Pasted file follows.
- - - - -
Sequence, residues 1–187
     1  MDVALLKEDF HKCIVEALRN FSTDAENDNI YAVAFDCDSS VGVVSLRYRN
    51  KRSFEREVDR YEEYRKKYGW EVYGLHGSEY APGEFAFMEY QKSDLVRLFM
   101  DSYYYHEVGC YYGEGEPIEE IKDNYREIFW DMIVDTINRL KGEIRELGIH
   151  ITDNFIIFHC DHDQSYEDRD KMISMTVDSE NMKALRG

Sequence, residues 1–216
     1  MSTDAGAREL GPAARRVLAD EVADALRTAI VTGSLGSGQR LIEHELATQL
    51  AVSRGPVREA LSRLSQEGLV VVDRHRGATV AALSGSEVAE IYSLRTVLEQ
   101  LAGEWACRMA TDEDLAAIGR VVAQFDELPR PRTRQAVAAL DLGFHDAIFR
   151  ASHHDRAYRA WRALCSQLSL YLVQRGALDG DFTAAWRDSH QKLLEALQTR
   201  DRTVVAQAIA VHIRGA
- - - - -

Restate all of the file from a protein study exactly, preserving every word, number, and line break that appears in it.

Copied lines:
Sequence, residues 1–187
     1  MDVALLKEDF HKCIVEALRN FSTDAENDNI YAVAFDCDSS VGVVSLRYRN
    51  KRSFEREVDR YEEYRKKYGW EVYGLHGSEY APGEFAFMEY QKSDLVRLFM
   101  DSYYYHEVGC YYGEGEPIEE IKDNYREIFW DMIVDTINRL KGEIRELGIH
   151  ITDNFIIFHC DHDQSYEDRD KMISMTVDSE NMKALRG

Sequence, residues 1–216
     1  MSTDAGAREL GPAARRVLAD EVADALRTAI VTGSLGSGQR LIEHELATQL
    51  AVSRGPVREA LSRLSQEGLV VVDRHRGATV AALSGSEVAE IYSLRTVLEQ
   101  LAGEWACRMA TDEDLAAIGR VVAQFDELPR PRTRQAVAAL DLGFHDAIFR
   151  ASHHDRAYRA WRALCSQLSL YLVQRGALDG DFTAAWRDSH QKLLEALQTR
   201  DRTVVAQAIA VHIRGA